Saturday, September 5, 2009
Book Review: North American Primates
North American Primates by Shane Durgee
Red Weaver books 211 pages
In the interest of being truthful with my blog readers I should note that Shane Durgee is an old friend. He also did the amazing painting on the cover of my recently released short story collection. I hope he will do more covers for me in the future. In the region where Shane grew up his amazing talent is well known. As painter, writer, and vocalist for several hardcore and post hardcore bands that were practically a farm team for the hardcore legends Earth Crisis. NAP is the latest novel to be released by hardcore “kids” that also includes Duncan Barlow(Endpoint/ Guilt) and well myself.
Shane's atypical melodic vocals evoked an emotional edge that many bands in the genre ignored for screams and growls. That is not to say that the music of early Durgee fronted bands didn't rip the records of oversight and Framework still raged. I was very excited when this book arrived in my mailbox because I wanted to see Shane's voice extend itself over 200 pages and tell me a story.
North American Primates will appeal most to the crowd of true believers who reject the notion that everything in our world can be explained by science. The coasties, no not the coast guard but the people who stay up late into the night to listen to Coast to Coast AM. It is the story of Clay Sturgeon a central New York misfit who does quite fit in with his community. Clay's life is turned upside down during a camping trip when he encounters what he believes is bigfoot.
We join Clay on journey to discover the secret of the man in the woods and along the way we discover not just about the creature but the people and motivations of those who are seeking to find it. From the skeptical scientists to Clay's new age hippie lover. One of the strengths of the narrative is the unique and brutally honest voice Durgee has given Clay in the first person narrative. Clay is a deeply flawed and lost hero who is seeking a deeper truth not just a primate living in the north woods.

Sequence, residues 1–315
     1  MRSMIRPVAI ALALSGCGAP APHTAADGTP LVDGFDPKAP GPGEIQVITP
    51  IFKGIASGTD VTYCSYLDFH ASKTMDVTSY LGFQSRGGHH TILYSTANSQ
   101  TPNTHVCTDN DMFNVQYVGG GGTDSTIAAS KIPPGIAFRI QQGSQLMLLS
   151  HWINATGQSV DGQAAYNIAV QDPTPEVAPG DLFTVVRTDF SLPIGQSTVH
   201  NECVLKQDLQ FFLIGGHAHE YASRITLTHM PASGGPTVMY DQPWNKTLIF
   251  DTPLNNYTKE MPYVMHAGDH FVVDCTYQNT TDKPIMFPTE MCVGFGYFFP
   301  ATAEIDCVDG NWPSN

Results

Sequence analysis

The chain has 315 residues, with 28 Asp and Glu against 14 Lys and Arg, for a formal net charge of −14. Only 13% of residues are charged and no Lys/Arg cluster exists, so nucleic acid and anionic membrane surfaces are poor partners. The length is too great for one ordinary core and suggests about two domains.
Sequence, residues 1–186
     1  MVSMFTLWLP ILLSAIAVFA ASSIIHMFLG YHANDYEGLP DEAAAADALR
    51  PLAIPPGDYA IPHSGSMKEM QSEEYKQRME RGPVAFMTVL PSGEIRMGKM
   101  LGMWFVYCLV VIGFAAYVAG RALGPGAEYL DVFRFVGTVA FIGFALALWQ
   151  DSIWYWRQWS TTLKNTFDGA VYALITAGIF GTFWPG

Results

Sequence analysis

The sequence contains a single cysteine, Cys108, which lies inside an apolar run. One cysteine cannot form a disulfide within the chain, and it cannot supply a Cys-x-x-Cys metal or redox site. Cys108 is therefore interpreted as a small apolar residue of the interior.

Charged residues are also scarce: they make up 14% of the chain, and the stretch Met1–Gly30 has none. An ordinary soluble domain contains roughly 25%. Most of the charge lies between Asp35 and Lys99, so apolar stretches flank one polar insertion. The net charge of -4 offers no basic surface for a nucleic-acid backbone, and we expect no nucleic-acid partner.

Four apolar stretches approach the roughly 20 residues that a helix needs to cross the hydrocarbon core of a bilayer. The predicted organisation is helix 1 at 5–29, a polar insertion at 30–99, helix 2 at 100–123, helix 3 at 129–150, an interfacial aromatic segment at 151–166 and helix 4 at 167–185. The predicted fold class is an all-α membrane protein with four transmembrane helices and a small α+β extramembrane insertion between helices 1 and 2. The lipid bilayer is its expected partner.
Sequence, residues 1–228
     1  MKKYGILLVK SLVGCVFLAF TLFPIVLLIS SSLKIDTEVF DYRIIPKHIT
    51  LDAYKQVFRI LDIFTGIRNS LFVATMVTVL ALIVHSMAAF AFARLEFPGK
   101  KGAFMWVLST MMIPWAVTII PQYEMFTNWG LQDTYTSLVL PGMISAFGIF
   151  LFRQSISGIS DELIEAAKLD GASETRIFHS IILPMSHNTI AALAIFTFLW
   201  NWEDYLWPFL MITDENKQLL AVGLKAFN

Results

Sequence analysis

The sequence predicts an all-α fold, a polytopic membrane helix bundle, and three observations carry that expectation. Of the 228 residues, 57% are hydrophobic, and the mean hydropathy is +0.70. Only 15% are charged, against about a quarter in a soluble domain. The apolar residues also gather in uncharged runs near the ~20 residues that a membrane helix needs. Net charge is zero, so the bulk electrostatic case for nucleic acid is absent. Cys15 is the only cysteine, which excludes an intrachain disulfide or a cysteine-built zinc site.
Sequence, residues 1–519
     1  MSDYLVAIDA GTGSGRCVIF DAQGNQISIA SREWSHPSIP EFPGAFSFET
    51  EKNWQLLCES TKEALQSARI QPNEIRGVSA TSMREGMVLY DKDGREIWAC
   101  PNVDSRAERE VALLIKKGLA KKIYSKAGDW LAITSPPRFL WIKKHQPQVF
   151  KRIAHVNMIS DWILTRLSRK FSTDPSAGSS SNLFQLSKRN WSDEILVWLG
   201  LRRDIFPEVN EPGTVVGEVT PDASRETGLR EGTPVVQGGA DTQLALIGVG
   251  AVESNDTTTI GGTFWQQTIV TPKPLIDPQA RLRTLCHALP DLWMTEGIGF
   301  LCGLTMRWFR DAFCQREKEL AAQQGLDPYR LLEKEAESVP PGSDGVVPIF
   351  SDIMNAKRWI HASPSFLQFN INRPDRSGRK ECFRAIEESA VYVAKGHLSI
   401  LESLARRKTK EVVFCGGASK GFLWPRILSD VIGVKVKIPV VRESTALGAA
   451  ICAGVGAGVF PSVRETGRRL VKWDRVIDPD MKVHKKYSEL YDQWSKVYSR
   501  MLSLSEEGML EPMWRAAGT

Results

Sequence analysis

While the work of Daniel Quinn(Ishmael) is an obvious influence, Durgee includes quotes and a reference within the story. This book doesn't slap you in the face with a message. That is not to say that their isn't a message, several infact just woven into the narrative with subtle strokes. Subtle suggestions of animal rights, and less subtle is the idea of open minded-ness towards the unexplained. For me North American primates told me a fun story and reminded me at the same time that I am not anymore special and unique to this planet as any other creature. Is he real or in our imagination? That doesn't matter monsters effect us either way.
This was a passion project for Durgee who clearly researched bigfoot and culture that has grown out of a believe in the creature. I think you'll enjoy the book and I hope Shane is already at work on his follow-up. I'll be first in line.
For more details and to read the first chapter go to the Red Weaver site: